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I agree that being a caregiver during this pandemic adds a whole new layer of concern to what we do. And my aging, ailing husband is at such high risk - I would feel horrible if I did something to bring it home to him.

On the days when I know I'm short on patience and long on fatigue, I caution my husband that I'm cranky and crabby so be advised. It helps him to know that if I snap at him, it's not about him. Doesn't make it okay, but at least he's forewarned. LOL

Most of all, please don't beat yourself up. You are doing the best that you can during an extremely stressful time. See if you can give yourself credit for what you are doing for your mom. And try showing yourself some compassion and kindness. You're worth it.
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NeedHelpWithMom Sep 2020
Hahaha, like your fair warning!
You can still have a life, even with Covid. You can go for walks in your neighborhood, sit outside on the porch or patio, have a few friends over for drinks, while still social distancing if that is important to you, go for a mani/pedi. I could go on and on. There's lots to do and still be safe. Sadly officials have instilled such fear in most Americans that most are afraid to do anything. We can not live our lives in fear!!! Nothing good will ever come of that. Caregiving is tough, and we need breaks every now and again, for our mental health's sake, and if that means getting out and having some fun every now and again, then so be it. You can still do things safely. Don't let fear stop you from getting the much needed breaks you deserve.
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Caregiving is never easy. Covid does complicate it even more. No one is ever prepared for any of this. I certainly did not have a frame of reference to follow.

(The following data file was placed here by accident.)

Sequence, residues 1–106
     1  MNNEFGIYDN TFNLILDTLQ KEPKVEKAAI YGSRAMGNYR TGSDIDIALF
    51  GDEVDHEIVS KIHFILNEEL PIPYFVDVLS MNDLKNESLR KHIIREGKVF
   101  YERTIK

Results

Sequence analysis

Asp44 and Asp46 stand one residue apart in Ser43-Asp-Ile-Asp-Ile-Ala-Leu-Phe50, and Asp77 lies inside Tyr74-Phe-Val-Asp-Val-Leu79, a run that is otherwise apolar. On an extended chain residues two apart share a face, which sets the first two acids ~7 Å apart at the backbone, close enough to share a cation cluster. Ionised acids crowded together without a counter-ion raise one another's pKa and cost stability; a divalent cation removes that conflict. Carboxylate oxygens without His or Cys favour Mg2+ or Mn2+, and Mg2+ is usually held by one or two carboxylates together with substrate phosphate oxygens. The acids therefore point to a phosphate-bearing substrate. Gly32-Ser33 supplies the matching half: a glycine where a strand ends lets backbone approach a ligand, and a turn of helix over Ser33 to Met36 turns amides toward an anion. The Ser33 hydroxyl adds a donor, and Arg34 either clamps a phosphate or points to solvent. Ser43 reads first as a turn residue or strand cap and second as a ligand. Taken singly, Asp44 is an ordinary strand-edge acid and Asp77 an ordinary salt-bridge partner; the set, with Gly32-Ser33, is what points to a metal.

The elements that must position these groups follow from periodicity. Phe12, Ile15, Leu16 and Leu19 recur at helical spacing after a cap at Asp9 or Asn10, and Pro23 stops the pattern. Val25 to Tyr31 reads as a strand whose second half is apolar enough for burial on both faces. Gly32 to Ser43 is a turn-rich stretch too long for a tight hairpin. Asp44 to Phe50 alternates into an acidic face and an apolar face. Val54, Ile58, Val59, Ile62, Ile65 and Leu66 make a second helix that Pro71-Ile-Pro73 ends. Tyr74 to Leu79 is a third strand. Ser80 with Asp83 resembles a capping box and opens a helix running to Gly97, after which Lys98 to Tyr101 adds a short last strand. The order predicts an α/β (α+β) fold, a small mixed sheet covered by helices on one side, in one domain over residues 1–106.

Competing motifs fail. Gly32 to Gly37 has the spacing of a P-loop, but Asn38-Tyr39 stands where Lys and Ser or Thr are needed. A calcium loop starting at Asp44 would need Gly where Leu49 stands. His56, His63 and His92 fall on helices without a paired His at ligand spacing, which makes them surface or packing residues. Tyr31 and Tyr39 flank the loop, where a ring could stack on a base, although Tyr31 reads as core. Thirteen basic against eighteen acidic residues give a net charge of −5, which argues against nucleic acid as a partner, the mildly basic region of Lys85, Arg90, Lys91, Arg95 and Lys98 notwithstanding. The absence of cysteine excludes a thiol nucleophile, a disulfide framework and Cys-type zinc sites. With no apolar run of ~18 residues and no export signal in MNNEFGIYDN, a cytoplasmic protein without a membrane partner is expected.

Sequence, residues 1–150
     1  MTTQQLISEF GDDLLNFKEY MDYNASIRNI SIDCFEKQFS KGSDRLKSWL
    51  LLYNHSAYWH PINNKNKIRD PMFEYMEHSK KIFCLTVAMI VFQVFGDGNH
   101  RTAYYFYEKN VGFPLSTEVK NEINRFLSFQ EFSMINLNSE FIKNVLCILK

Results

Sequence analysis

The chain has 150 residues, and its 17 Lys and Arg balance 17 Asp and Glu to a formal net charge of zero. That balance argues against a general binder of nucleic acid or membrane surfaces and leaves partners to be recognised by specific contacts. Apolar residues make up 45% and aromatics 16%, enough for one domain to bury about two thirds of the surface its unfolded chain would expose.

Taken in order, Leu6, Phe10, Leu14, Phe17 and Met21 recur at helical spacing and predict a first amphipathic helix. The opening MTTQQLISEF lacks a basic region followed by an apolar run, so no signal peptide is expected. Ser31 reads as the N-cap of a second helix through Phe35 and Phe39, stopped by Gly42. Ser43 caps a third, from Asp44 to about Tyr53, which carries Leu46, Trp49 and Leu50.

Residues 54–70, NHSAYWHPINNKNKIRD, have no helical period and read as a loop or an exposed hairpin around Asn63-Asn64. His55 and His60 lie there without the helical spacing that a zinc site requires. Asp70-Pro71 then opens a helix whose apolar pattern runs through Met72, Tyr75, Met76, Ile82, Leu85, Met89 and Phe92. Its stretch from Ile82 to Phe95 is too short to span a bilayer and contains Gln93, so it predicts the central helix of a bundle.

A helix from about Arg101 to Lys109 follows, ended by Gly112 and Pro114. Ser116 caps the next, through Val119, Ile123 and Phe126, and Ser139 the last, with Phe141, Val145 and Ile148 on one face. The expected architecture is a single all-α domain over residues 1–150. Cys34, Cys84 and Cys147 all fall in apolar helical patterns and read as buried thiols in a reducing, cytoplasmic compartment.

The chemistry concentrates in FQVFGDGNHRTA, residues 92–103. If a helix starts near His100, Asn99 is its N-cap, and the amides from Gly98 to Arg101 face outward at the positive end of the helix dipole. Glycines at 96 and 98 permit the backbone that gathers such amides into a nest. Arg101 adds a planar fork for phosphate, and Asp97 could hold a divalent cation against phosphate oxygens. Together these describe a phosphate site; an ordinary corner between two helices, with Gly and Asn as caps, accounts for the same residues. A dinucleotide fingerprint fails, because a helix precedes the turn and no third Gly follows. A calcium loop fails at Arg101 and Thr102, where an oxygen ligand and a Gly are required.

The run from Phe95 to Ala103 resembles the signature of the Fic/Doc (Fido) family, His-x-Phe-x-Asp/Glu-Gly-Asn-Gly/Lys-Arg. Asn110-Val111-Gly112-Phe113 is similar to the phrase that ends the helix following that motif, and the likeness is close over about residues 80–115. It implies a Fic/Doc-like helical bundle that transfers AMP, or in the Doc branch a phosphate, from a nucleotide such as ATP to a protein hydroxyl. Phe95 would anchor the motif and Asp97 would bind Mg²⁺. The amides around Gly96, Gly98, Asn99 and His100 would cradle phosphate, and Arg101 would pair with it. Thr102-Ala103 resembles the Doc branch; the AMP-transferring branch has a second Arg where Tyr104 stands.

Your feelings of frustrations are completely normal and you’re not alone. I had my mom for 15 years in my home. I gave up my job. I missed out on lots of activities as well, due to caring for mom.

It is devastating watching a parent deteriorate. My mom has Parkinson’s disease. I wish I had known about Council on Aging sooner than I did. I didn’t have much help through their organization but it was something and I was grateful. Do you have any outside help?

Still, after so many years I burned out. I had to step away. My mom is now receiving hospice care and lives with a sibling. I did more than my share of caregiving.

I hear your frustration and it doesn’t mean that we don’t care or love our parents but it’s tough, really tough. I would suggest to take some time off, away from your mom to get some rest. Hire someone to stay with mom.

Don’t hesitate to speak to someone about your feelings. I did that and received guidance that I truly needed. I appreciated having an objective perspective on my situation.

Do you wish to continue to care for your mom at home or are you interested in a facility at some point? That would free up time for you to either return to work or have time for yourself.

There are lots of things to consider. Do you have any specific questions?

Wishing you all the best.